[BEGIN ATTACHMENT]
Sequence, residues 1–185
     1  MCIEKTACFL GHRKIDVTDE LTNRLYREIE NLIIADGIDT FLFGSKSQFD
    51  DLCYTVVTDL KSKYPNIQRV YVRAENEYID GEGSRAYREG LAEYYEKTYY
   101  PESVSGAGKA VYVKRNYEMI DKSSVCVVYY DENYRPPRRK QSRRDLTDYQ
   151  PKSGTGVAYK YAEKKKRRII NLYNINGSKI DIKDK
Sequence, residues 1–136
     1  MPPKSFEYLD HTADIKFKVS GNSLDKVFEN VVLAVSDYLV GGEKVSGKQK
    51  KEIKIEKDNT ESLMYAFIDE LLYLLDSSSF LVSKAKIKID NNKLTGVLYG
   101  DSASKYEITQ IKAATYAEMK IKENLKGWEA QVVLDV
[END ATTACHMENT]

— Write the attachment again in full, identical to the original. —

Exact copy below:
Sequence, residues 1–185
     1  MCIEKTACFL GHRKIDVTDE LTNRLYREIE NLIIADGIDT FLFGSKSQFD
    51  DLCYTVVTDL KSKYPNIQRV YVRAENEYID GEGSRAYREG LAEYYEKTYY
   101  PESVSGAGKA VYVKRNYEMI DKSSVCVVYY DENYRPPRRK QSRRDLTDYQ
   151  PKSGTGVAYK YAEKKKRRII NLYNINGSKI DIKDK
Sequence, residues 1–136
     1  MPPKSFEYLD HTADIKFKVS GNSLDKVFEN VVLAVSDYLV GGEKVSGKQK
    51  KEIKIEKDNT ESLMYAFIDE LLYLLDSSSF LVSKAKIKID NNKLTGVLYG
   101  DSASKYEITQ IKAATYAEMK IKENLKGWEA QVVLDV